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Discussion Starter · #1 ·
I just bought a used sax from eBay ( Vito japan alto yas-23 stencil).
I have never played the sax before and was wondering what tests I can do on the horn when it arrives to know if it is in an acceptable condition. I don't know anyone who plays it so I can't just get a friend to test it and there are no instructors anywhere near me.
Sorry if this post is in the wrong section, I didn't know where else to put it

Thanks in advance
 

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Tenor: Eastman 52nd St, Alto: P. Mauriat 67RDK, Soprano: Eastern Music Curvy
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Hello, welcome to the forum!

Seeing as you haven't played before, and from the sounds of it, aren't going to be taking any lessons here are a few suggestions for you. Before you worry about the horn, read up on proper ways to assemble the horn, proper embouchure and fingerings. Here are a few good links:

http://forum.saxontheweb.net/showthread.php?30232-FINGERING-CHARTS-Books-and-more

http://tamingthesaxophone.com/saxophone-embouchure.html

http://www.saxontheweb.net/Learning/index.html#BeginnerCorner

I believe these would be a good start.

As for testing whether the sax is good, the main issues you will want to look for are intonation, proper key function, and leaking pads.

The first thing I would check is key function. You may not know how each key is supposed to function, but just by looking at it you should be able to get a pretty good idea of what the keys are, especially if you have gotten the fingerings down. Press down each key and it should come back up when you let off. Check this for all the keys

Here is a great link of things on how to check intonation:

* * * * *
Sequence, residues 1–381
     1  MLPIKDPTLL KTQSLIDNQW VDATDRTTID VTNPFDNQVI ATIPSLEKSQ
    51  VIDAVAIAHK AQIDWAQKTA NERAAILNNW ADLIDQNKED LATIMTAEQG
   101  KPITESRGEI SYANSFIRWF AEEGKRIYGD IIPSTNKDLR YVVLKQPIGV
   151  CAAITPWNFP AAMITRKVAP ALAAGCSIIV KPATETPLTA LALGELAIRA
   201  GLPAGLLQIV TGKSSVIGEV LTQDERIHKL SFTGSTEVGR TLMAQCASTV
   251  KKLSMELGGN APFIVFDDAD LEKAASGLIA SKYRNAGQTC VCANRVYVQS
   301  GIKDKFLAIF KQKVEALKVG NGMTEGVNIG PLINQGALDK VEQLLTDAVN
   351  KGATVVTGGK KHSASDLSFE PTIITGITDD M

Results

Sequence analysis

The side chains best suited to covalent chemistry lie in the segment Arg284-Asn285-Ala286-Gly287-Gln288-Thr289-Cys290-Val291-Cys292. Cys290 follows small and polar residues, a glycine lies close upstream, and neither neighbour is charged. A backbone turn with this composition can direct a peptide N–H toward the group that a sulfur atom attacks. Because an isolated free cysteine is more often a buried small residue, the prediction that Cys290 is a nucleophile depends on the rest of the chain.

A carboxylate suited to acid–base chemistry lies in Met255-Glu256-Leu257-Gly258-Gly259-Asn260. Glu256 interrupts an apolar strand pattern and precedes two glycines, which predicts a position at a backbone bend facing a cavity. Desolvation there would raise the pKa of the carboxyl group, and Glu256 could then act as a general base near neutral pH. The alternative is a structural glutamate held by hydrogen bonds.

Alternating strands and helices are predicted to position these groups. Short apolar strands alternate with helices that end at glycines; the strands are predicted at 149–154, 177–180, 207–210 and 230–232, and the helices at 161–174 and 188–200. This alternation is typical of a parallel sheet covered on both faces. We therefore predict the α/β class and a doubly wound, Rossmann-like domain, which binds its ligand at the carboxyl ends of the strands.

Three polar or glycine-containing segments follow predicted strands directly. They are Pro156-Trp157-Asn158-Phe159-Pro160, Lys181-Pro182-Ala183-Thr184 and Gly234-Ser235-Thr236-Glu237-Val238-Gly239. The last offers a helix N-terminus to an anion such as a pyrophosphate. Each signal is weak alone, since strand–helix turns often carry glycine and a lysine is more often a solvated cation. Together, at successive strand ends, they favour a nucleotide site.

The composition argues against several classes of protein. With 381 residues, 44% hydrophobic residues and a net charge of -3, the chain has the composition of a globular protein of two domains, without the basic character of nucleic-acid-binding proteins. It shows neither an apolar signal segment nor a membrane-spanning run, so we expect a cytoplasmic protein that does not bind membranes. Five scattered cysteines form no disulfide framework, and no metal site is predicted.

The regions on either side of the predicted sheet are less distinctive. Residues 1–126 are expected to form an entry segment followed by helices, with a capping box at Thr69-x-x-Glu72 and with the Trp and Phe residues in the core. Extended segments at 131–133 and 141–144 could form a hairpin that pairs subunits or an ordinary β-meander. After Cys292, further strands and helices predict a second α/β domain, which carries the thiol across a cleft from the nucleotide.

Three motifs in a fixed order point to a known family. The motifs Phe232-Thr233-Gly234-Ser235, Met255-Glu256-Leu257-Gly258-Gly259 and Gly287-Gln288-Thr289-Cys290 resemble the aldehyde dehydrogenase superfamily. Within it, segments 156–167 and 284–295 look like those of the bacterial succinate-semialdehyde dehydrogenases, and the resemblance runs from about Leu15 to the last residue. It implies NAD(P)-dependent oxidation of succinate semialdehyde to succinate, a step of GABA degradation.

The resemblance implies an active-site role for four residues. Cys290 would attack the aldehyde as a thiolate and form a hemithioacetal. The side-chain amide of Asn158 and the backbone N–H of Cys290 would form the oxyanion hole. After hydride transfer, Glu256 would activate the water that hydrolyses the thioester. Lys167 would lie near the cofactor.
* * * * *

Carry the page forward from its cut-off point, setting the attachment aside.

http://tamingthesaxophone.com/saxophone-intonation.html

Tuners make this a lot easier, but here is something that can help you do it without it.

http://www.onlinetuningfork.com/

This will play a concert A, which is F# on your instrument. If you know the take the time to learn the fingerings first this will be easy. You should get it to sound on the exact same pitch by moving the mouthpiece, as it says in the link above.

Finally comes the pad leak test, and this one will be very hard to do for a beginner. The easiest way to check for leaks is to play each note, and if it feels like the note is really hard to play, and/or the air is being drained out of you while you are playing, then you probably have a leak. This can be tough, because it takes time to be able to control the full range of the horn, especially the lower notes (which are also very commonly the ones with the problems in leaks).

Ultimately, it is a lot easier for someone with a lot of experience to check your horn, but I know you're out of reach with someone like this, so I think these will help you to try and achieve your goal. If you get the chance however, find someone who can test your horn for you, and start searching for a technician. Most ebay horns need a little bit of work to be in optimal working condition.
 

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Discussion Starter · #5 ·
Yeah I was planning on that. I just wanted to give it a test myself so that the shop might have less chance of ripping me off.
 

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Brass...
it's like testing a car if you don't know about mechanics and can't drive... (no offense, I understand your situation).